(more…)

How to Prevent Climate Change Summit from Failure

Wednesday, May 6th, 2009

In December 2009, the parties to the Framework Convention on Climate Change will meet in Copenhagen. Their aim will be to conclude an agreement that will succeed the Kyoto Protocol, which terminates in 2012. Given the abysmal failure of Kyoto one may be permitted to ask, Will Copenhagen succeed any better? The answer depends on expectations of what can be achieved in this short amount of time; the answer depends on how “success” is defined.

It is easier to define failure. Most climate watchers would define failure to mean lack of an agreement by states to “commit” to limiting their emissions dramatically. I would define failure to mean repeating the mistakes made in Kyoto in 1997. The worst outcome would be for the United States to “commit” to meet quantitative targets and timetables of emission reduction without being sure that these obligations will be approved by Congress. (more…)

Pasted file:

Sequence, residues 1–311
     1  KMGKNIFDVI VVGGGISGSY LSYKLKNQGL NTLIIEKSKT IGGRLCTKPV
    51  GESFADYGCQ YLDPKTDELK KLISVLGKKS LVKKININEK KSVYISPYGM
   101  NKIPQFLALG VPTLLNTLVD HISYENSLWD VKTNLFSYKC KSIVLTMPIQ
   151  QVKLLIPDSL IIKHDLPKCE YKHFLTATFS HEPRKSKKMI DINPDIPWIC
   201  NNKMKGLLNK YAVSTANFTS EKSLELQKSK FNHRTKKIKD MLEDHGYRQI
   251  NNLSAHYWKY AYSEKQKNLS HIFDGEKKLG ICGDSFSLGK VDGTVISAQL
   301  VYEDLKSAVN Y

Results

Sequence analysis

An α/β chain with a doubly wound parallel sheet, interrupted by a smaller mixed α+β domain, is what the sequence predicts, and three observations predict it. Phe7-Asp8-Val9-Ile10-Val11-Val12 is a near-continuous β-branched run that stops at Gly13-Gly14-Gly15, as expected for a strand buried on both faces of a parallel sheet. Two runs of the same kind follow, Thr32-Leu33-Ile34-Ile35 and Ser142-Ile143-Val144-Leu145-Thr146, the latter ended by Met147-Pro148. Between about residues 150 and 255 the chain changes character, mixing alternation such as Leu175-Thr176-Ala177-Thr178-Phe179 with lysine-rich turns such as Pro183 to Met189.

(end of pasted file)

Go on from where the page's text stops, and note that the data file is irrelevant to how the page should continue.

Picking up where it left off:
Science and the Carbon Market

Sunday, March 29th, 2009

Science and the Carbon Market

With the change of U.S. administrations, there is renewed discussion of climate change policy. Ideas at the forefront are environmental pollutant markets and tax-based controls. The market-based approach, called cap and trade, is posed in opposition with the tax-based approaches. This polarization is not a useful or correct way to advance policy.

The advocacy of a cap and trade market follows from the success of the sulfur market, which controls acid rain. The amount of pollutant that can be tolerated is informed by scientific investigation. This leads to a “cap” on the amount. (more…)